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GivingTuesday Stats and Revenue from 2019

Published by Brady Josephson

How was GivingTuesday?

That was a question I was asked last week and I wasn’t quite sure how to respond so I decided to do a little digging. I first looked at the 25 organizations we used for the 2019 edition of Cutting Through the Clutter and here’s what I found:

So, thanks to an increase in average gift — one of the three metrics that matter for online fundraising — this group saw a small uptick in GivingTuesday revenue. But that’s just 25 organizations and accounts for only about $1.8 million of the reported $511 million from the GivingTuesday Data Collaborative (shout out to WholeWhale for the solid prediction). So I started to look at other reports and stats largely from donation platforms and service providers but one thing became very clear: No one is actually measuring year over year growth in a useful way.

Here’s what I mean, most reports you’ll see are on top-level figures and stats but very few give the number of organizations included in the data and none, that I could see, compare the same organizations year over year. So we get growth numbers but if there are dozens or even hundreds more or new organizations, then, of course, the numbers will (or should) go up.

For example, Classy reported an increase in online revenue of 25% which is great but they also had 179 more nonprofits in their data set in 2019. So that means the increase in revenue per organization is actually 15.23%. Still a great number showing the growth of the day for their clients but more accurate than the cited 25% figure.

But wouldn’t it be great if they could share the increase for the same group of nonprofits? What if one of those additional 179 organizations was a massive nonprofit? That could account for a large chunk of the growth right there if they weren’t in the 2018 group but were in the 2019 group.

Now, this isn’t to besmirch Classy at all. They raised $19.4 million on the day — which is pretty eye-popping — but they also produced one of the best and most useful reports I came across as it included the number of organizations included so I could calculate the revenue per organization above. They also had some stats on the most generous states, donations by the time of day, and recurring giving.

Some GivingTuesday Stats

The GivingTuesday stats and reports below did not include the number of organizations and are therefore harder to understand the true difference of GivingTuesday 2019 so take them with a grain of salt:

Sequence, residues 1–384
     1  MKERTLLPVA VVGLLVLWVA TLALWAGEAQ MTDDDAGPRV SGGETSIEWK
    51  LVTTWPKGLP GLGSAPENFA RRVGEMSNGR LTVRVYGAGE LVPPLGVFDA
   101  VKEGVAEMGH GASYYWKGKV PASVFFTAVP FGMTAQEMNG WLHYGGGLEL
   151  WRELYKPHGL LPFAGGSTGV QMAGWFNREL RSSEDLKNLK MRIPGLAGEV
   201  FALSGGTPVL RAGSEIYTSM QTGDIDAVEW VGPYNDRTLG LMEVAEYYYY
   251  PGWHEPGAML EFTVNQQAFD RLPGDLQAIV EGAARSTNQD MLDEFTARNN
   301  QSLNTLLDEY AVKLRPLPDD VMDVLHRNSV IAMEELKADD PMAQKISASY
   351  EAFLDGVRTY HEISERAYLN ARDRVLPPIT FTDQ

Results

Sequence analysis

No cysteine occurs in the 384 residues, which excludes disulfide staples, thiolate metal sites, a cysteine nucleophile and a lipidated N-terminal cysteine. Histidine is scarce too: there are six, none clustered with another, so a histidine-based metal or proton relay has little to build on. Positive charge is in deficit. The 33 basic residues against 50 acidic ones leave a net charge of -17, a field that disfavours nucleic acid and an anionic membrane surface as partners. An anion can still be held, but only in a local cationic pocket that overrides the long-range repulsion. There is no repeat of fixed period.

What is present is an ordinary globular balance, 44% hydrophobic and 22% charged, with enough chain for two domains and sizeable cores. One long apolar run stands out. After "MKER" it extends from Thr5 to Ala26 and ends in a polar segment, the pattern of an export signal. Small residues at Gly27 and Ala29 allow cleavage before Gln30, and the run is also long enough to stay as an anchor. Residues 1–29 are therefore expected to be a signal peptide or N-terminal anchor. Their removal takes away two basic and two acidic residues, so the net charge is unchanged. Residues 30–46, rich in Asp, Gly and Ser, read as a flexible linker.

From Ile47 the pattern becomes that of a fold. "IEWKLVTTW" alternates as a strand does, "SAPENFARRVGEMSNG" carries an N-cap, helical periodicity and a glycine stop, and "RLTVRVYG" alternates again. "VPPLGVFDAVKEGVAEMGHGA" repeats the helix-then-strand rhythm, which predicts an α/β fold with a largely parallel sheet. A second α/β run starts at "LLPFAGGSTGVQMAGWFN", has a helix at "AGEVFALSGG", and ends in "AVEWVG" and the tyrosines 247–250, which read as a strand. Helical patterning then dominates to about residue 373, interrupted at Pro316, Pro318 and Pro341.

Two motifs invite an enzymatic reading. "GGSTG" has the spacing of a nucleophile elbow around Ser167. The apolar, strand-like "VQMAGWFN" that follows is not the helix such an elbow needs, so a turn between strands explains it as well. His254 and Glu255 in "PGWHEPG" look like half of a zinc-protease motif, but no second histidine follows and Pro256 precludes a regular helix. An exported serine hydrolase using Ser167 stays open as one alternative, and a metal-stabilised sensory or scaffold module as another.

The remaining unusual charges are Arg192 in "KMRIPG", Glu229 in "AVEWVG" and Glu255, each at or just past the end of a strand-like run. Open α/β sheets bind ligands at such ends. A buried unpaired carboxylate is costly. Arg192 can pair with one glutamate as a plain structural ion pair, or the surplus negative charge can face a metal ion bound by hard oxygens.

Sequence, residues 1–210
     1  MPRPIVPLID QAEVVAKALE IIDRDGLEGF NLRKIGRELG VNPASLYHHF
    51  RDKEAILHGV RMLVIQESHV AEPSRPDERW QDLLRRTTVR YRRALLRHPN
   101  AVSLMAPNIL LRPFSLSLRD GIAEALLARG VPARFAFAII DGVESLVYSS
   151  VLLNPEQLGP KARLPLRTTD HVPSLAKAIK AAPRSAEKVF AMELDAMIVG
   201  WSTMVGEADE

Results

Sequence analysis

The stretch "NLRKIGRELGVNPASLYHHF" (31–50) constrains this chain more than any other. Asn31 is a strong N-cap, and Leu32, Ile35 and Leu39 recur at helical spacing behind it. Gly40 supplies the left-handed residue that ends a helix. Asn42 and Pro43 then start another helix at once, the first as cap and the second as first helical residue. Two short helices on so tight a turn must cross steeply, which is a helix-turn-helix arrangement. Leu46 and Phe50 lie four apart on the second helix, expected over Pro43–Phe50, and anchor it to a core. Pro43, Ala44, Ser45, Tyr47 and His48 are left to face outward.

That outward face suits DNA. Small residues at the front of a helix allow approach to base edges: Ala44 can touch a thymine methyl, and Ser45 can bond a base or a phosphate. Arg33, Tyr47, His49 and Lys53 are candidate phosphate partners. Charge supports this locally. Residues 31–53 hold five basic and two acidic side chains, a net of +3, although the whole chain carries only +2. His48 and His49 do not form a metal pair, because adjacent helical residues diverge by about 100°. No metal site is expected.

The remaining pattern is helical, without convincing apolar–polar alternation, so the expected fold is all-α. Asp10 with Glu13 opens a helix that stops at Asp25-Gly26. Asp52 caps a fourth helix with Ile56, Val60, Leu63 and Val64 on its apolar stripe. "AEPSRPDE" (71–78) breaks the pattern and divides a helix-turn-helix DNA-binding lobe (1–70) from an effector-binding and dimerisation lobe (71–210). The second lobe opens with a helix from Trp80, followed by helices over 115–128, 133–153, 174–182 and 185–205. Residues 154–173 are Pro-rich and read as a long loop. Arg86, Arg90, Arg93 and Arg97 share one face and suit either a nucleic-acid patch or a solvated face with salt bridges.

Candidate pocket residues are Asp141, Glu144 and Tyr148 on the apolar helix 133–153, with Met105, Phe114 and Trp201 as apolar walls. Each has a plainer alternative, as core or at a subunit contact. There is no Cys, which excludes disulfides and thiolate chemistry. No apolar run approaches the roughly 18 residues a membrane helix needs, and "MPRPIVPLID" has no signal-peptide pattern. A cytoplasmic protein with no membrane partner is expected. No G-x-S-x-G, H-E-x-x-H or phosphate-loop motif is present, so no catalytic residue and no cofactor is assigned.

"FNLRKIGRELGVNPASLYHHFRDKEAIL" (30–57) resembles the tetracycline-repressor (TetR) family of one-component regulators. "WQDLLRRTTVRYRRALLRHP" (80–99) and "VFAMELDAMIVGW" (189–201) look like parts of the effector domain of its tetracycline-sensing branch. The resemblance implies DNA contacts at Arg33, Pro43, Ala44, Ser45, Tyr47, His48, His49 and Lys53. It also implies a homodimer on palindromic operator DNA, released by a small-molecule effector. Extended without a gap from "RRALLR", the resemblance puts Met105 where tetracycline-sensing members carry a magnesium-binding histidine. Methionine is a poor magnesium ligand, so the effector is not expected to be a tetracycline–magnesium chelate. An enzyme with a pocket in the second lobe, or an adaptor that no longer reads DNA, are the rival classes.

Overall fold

So What?

Even without a more accurate ‘index’ approach looking at the exact same organizations, it does appear GivingTuesday continues to grow, which is great.

I know some people fear that GivingTuesday success will eat into the rest of December results but I haven’t seen that personally or seen that theory backed up by data. But also on the flip side, I also haven’t seen GivingTuesday success be a reliable predictor of success for the rest of the month. In fact, it’s most things like the economy overall, the stock market, and the news cycle that play a role in helping shape how year-end will shake out although there’s not a lot your organization can do about those things.

But what you and your organization can do is be sure to have a plan in place for the biggest day of online giving… December 31st.

Data from NextAfter 25 organization benchmark

GivingTuesday isn’t the end of your year-end fundraising work but in many cases just the start. So if you’re still looking to make the most of the year-end here are some resources you may be interested in:

  • Cutting Through the Clutter study. This annual study looks at over 7,000 emails from 240 organizations with data, tips, and ideas to cut through in this noisy time.
  • Live Optimization Webinar. The NextAfter team looked at real nonprofit examples and offer suggestions and ideas to improve and optimize them to raise more money before the end of the year.
  • Year-End Fundraising Certification Course. This 4-session course will walk through a full year-end strategy from emails to send and changes to make on your donation page.

Did I Miss Anything?

Let me know in the comments below, on Twitter or via LinkedIn. I know GivingTuesday, Blackbaud, and some others release much more detailed data and reports later after they have a chance to sift through the data so I’m sure there will be more to come.

Published by Brady Josephson

Brady Josephson is Managing Director of the NextAfter Institute.